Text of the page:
The rest of the time it is apparently business as usual which means profiting from charitable donations.

So the credit card companies said they’ll waive some fees. Who will do what? Let’s find out (per the New York Times):

  • Visa – “would not apply interchange fees, through February, to donations made to a select group of major charities — the names of which were still being compiled — that are providing support to Haitian relief efforts. The company said it would also donate any revenue that was generated by charitable donations related to the Haiti crisis through next month.”
  • Mastercard – “would wave interchange fees on relief donations made using United States-issued MasterCards to the American Red Cross, AmeriCares, Unicef, Save the Children and CARE U.S.A.” The article did not indicate a time frame for this.
  • American Express – “through the end of February, it would rebate the transaction fees for charitable contributions made on its card directly to the nonprofit organizations listed on the Agency for International Development’s Web site in support of Haiti relief.”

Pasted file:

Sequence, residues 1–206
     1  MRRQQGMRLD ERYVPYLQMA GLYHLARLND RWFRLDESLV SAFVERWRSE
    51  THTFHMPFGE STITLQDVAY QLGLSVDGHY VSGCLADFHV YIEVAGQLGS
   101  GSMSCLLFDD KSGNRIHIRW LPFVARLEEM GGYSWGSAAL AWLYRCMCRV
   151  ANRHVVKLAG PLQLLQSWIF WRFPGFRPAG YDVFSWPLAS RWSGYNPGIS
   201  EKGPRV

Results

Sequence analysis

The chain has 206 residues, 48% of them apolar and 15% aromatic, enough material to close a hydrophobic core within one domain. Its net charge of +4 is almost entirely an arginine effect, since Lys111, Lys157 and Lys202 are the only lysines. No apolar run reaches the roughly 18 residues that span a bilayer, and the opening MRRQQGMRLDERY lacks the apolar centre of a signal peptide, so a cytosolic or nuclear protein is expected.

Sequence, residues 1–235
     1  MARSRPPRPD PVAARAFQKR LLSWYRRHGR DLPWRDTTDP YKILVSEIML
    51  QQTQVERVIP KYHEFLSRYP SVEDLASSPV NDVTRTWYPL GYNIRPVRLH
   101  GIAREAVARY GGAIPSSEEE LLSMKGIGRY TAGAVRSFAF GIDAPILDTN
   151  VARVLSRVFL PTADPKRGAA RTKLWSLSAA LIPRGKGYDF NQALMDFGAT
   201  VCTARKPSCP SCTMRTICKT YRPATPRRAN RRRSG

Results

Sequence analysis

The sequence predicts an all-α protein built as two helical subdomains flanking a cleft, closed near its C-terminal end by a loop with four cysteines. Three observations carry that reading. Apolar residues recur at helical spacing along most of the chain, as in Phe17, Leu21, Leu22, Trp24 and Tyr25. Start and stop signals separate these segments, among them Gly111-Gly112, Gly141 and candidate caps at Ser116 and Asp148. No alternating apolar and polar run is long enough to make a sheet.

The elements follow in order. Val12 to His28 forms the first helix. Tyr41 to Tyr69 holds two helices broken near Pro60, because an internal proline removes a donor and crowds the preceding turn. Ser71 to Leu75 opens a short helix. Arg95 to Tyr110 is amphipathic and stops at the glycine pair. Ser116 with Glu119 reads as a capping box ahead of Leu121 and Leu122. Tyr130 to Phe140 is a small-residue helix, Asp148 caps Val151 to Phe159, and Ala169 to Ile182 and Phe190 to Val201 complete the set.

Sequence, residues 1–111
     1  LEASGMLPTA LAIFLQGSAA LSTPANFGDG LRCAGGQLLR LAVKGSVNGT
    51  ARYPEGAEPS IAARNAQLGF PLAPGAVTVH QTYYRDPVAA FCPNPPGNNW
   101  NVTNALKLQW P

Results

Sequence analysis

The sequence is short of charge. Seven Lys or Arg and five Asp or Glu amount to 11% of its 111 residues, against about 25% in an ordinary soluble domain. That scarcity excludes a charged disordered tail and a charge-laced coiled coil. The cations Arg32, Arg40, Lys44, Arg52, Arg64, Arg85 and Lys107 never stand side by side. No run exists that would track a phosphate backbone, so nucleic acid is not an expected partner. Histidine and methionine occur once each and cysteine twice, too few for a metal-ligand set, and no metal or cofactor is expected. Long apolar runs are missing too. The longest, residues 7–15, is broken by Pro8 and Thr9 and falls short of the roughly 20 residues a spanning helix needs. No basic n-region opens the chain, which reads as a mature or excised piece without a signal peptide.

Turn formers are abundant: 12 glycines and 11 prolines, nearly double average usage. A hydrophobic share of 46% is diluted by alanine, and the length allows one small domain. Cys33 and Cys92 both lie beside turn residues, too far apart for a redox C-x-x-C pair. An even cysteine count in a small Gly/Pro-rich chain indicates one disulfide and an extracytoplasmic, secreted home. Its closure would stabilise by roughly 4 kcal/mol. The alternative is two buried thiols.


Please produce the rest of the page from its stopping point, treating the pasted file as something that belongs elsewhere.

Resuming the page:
• Discover – “said it was also waiving some fees but did not immediately offer details.”

Wow. What commitment. If that doesn’t warm the cockles of your heart I don’t know what will. Apparently if you contribute to charity outside the bounds of these very narrowly defined exceptions they will still happily gobble up those transaction fee profits. Additionally they appear to be building in time limits on how long they are willing to do this, like a whopping month or two. I guess they figure they’ll do what looks good now in the moment when the public’s eye is focused on them and then go back to normal once this all blows over. It’s true the memory of the American people can be short.